are pilots or ex-pilots. "They are just as interested in labor news as
issues related to safety, maintenance, ticket prices, and everything,"
Safety was not the primary concern
Before the terrorist attacks occurred, consumer-travel media outlets had
been more focused on airline delays and passenger complaints. For
example, there were a couple of high-profile incidents in which child
travelers were put on incorrect flights. While these stories put
carriers on the defensive, few airline writers had been advocating
stricter security measures.
Chlopak, which has clients such as the Independent Pilots Association
and the Coalition of Airline Pilot Associations, commissioned a survey
to ask the traveling public about their biggest concerns. Fear of attack
was not travelers' greatest worry. Out of those surveyed, 82% picked
pilot fatigue as their major concern.
USA Today and other media outlets ran an item about the poll and, armed
with the significant public safety interest in the issue, the coalition
made pilot fatigue its primary safety concern for 2001. The data was
brought to the attention of Congress, resulting in 31 members writing to
the Federal Aviation Administration expressing concern. Unfortunately,
the issue has lost much of its momentum.
Pearson explains that the agency attempted to put the safety issue on
the map. "You need to speak technically to the trades and reporters who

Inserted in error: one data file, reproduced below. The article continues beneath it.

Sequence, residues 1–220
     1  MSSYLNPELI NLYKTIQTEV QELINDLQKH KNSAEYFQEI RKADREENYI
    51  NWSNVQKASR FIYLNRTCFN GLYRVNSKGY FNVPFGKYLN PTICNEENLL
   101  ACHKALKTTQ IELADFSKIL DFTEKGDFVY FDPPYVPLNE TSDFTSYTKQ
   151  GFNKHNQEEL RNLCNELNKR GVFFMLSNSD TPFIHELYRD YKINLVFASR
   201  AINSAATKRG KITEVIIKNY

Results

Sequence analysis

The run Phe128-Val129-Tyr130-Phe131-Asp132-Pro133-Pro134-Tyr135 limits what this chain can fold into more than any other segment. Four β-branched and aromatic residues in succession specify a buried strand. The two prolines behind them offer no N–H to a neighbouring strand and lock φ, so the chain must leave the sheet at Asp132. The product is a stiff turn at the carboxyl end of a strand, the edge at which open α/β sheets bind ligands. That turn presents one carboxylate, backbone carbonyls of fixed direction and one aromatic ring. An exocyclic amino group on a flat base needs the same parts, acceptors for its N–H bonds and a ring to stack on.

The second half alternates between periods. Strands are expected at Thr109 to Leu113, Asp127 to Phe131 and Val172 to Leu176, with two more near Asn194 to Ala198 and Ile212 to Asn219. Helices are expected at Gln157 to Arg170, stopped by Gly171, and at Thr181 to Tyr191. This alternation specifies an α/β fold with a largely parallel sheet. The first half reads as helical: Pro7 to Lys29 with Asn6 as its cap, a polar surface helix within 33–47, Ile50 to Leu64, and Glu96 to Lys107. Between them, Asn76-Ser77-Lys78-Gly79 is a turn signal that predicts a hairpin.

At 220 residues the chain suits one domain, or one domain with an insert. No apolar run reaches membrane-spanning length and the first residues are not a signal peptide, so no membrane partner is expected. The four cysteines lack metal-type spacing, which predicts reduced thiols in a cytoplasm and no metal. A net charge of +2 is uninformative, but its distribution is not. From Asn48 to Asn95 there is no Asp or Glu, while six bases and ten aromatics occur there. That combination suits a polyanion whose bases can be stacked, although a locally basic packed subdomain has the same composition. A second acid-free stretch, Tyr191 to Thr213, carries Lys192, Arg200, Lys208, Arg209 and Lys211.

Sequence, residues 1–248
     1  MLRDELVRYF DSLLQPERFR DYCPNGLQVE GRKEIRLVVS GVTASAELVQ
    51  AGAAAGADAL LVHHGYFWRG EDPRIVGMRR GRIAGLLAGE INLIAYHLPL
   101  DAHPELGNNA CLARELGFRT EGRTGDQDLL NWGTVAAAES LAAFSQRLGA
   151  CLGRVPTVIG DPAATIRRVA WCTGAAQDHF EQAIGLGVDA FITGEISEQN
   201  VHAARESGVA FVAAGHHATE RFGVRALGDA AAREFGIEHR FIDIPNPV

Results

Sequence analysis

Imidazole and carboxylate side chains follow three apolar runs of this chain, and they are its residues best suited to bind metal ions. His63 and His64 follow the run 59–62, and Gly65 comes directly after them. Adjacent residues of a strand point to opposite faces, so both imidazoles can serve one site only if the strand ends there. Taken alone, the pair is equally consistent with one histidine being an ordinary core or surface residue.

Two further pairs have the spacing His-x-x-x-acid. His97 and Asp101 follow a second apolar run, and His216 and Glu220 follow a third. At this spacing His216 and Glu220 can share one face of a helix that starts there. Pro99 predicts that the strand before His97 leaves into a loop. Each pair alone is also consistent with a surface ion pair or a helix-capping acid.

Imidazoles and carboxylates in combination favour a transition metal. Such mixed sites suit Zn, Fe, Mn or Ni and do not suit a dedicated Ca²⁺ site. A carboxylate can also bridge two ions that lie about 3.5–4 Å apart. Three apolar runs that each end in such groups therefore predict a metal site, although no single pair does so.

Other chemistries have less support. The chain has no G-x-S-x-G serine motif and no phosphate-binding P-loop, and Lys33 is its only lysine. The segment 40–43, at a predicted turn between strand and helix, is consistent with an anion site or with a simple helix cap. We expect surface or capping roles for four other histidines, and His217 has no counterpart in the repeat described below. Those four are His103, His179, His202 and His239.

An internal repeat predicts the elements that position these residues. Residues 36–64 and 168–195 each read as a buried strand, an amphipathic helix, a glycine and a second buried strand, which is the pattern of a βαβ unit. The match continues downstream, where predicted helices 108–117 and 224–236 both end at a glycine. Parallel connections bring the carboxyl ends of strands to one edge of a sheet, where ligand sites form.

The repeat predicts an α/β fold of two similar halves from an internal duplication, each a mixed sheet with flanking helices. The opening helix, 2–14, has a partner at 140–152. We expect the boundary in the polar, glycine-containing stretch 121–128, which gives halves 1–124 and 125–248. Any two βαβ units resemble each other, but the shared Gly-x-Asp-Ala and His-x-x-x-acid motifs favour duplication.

cover airlines at the major dailies ... then you also have to speak to
the public. In order to do that, you have to highlight the consumer
From safety to recovery
O'Toole suggests that the media will now be looking for any signs of
recovery in the airline business. On September 24, Reuters reported that
airline stocks had risen on the news that the US government was offering
financial assistance. Two airlines also reported that load factors
(percentage of seats filled) has risen to around 50%, an improvement
over the previous week.
That same story carried news about airlines such as Swissair, for which
financial survival is still a major concern; the evidence suggests that
the industry is in for a long, tough ride. The sector has laid off more
than 100,000 people in the past two weeks, with Delta announcing 13,000
cuts just last Wednesday. Air Canada and Lufthansa made layoffs as
An ailing airline industry has knock-on effects on other industries,
namely hotels, restaurants, and theaters, all of which are facing a
financial crunch. Coupled with the continuing PR efforts to reassure the
public that air travel is safe in the US, airlines and the agencies that
work for them are facing the industry's biggest challenge yet.
WHERE TO GO
Newspapers: USA Today, The Washington Post, The New York Times, The Wall
Street Journal, Chicago Tribune, Dallas Morning News, Fort Worth
Star-Telegram, The Charlotte Observer, Cincinnati Enquirer, Boston Globe
Trade publications: Aviation Daily, Air Transport News, Aviation Week,
Aviation International News, Business Travel News
TV & Radio: CNBC, Fox News, CNN, ABC, CBS, NBC
Internet: Aerospace Online, AirDisaster.com, Aviation Safety Network